A film review by Craig J. Koban October 24, 2020

2067 jj
½ 

2020, Unrated,  114 mins.

Kodi Smit-McPhee as Ethan Whyte  /  Ryan Kwanten as Jude Mathers  /  Leeanna Walsman as Selene Whyte  /  Deborah Mailman as Regina Jackson

Directed by Seth Larney  /  Written by Larney and Dave Paterson

The new sci-fi thriller 2067 (yes, a creatively lazy title) has a truly compelling time travel premise and some thoughtful insights into topical themes of climate change/ecological disasters, but it never manages to fully commit to these ideas, nor does it handsomely pay them off in any meaningful and satisfying manner.  The central ideas surrounding this Seth Laney helmed film are enthralling enough in the way he chronicles an Earth of the future that has lost all plant vegetation and, in turn, oxygen, which requires the few that are left alive to subside on artificial air provided by greedy corporations.  This is an ingenious setup for a dystopian genre piece, but 2067 simply can't commit to it in the manner that it wants to, leaving a resulting film that feels like a hodgepodge of other work (like SILENT RUNNING, STARGATE, and THE TIME MACHINE) without carving out its own unique identity.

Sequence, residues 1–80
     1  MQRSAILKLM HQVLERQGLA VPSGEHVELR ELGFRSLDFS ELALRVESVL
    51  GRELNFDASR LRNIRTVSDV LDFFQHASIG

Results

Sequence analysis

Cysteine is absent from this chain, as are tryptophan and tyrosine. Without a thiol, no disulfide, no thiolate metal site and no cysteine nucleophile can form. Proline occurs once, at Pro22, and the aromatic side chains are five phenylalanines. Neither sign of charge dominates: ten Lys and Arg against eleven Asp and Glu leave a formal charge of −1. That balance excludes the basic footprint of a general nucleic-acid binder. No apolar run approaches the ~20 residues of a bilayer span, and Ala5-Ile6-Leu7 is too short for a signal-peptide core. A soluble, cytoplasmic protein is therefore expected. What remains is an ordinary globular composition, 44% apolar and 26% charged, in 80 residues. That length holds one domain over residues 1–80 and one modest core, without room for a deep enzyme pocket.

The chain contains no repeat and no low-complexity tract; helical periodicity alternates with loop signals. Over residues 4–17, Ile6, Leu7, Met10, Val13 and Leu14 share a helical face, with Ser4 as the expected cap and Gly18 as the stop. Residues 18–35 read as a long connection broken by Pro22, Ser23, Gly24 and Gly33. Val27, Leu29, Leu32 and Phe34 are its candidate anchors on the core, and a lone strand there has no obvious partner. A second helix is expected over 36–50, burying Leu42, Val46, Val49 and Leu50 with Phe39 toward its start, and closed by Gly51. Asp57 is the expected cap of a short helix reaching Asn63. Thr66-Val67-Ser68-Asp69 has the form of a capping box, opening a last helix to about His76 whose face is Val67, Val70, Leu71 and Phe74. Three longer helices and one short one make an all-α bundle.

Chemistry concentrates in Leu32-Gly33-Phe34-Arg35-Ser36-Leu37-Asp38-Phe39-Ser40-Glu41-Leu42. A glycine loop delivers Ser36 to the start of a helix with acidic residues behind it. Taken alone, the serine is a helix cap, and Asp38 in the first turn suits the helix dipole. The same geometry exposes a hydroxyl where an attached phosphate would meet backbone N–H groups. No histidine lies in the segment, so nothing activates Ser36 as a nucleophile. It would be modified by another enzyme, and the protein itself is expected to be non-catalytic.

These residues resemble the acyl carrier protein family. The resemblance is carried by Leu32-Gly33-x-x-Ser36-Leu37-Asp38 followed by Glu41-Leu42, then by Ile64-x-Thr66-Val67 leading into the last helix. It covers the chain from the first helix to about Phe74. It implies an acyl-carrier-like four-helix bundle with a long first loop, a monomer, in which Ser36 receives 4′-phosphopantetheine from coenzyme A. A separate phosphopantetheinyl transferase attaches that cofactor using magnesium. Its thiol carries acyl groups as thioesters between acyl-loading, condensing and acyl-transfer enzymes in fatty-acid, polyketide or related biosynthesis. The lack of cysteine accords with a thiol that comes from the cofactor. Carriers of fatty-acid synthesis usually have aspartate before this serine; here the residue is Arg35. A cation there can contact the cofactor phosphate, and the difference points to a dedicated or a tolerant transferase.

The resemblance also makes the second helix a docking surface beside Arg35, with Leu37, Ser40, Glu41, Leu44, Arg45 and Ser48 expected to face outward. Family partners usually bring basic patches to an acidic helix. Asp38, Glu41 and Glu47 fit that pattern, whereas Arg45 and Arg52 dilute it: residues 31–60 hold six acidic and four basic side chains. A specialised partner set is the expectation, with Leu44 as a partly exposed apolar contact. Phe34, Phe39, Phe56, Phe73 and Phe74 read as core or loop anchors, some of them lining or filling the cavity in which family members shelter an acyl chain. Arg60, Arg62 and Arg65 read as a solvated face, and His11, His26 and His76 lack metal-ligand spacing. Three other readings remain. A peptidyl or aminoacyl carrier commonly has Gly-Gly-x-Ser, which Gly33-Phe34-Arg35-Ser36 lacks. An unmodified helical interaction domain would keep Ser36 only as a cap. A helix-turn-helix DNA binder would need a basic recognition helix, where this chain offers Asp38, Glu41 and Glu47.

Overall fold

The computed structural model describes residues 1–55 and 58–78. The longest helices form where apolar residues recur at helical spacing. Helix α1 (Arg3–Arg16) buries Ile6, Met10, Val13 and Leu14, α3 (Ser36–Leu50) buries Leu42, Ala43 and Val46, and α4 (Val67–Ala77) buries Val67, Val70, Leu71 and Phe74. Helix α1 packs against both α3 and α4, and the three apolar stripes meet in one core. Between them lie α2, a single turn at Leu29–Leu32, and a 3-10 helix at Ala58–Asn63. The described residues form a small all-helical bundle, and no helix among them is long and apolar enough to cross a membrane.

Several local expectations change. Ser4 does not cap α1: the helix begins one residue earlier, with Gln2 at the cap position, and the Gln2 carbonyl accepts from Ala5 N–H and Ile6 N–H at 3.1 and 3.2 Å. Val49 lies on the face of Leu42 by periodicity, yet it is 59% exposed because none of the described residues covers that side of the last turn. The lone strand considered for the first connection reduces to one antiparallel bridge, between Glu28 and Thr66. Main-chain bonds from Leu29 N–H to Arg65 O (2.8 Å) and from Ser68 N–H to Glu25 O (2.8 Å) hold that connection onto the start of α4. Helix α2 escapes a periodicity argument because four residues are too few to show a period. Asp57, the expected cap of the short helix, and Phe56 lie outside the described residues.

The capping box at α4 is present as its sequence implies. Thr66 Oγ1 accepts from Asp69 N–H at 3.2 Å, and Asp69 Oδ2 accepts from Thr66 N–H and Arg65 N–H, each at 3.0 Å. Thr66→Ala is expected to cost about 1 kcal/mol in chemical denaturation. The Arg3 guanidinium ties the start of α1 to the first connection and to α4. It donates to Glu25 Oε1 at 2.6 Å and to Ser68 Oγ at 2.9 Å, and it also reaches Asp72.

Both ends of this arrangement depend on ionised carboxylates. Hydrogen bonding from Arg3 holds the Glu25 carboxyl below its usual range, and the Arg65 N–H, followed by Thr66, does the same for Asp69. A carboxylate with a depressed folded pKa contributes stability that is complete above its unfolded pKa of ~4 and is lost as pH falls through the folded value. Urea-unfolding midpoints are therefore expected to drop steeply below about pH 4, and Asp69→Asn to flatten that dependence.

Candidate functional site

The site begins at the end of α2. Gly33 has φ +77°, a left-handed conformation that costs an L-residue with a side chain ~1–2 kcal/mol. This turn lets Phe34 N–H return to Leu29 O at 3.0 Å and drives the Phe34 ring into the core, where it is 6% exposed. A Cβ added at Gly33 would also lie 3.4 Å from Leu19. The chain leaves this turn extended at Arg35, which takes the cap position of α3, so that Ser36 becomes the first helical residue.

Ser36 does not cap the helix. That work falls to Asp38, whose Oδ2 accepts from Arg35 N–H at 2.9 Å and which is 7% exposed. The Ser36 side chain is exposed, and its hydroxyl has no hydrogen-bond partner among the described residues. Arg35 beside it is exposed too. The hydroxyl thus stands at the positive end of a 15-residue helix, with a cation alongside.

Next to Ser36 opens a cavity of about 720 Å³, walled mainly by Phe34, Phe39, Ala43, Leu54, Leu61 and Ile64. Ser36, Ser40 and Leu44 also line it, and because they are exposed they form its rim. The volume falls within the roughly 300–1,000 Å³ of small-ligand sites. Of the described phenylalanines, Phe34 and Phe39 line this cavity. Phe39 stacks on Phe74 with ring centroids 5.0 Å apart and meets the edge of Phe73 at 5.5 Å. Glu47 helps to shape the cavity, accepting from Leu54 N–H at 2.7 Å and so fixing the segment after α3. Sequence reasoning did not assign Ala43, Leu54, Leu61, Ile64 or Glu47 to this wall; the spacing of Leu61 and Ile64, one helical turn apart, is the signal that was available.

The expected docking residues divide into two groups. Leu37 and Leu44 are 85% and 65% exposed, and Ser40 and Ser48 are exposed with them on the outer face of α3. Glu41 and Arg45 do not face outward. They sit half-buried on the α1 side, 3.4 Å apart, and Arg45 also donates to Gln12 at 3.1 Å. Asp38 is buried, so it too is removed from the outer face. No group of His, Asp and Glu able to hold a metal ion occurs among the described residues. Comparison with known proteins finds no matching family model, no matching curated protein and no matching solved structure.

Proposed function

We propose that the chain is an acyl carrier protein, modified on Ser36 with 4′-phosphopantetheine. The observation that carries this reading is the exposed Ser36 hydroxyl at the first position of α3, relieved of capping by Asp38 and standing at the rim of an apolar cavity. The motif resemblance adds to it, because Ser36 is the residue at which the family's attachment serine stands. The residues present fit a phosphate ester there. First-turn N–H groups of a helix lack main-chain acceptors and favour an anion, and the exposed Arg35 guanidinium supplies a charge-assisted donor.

The future of our planet in this film is indeed nightmarishly bleak, and one that is clearly dealing with all of the past sins of inaction when it comes to tackling the ongoing calamity of climate change.  Via a fairly nifty and economical prologue that shows a time lapsed view of Earth from space, we learn that our world has been ravaged by decades of fires, floods, and all other kinds of hellish atmospheric change.  Eventually, all plant life became extinguished, leaving normal oxygen supplies severely dwindling by the day.  As the film opens in its titular year, we see a future world filled with desperate citizens sporting masks (chillingly on point) to survive venturing outside, whereas indoors they subside off of synthetic air that's made and sold by Chronicorp, which preaches a noble minded advertising message to the masses, but deep down is just looking to make a buck off of the suffering of citizens.  And their air is not as easily affordable and available to all, especially the poor and downtrodden.  In an early and unnerving scene, one street protestor screams out "Oxygen is not a privilege!" before he sets himself on fire as a frightening message to onlookers.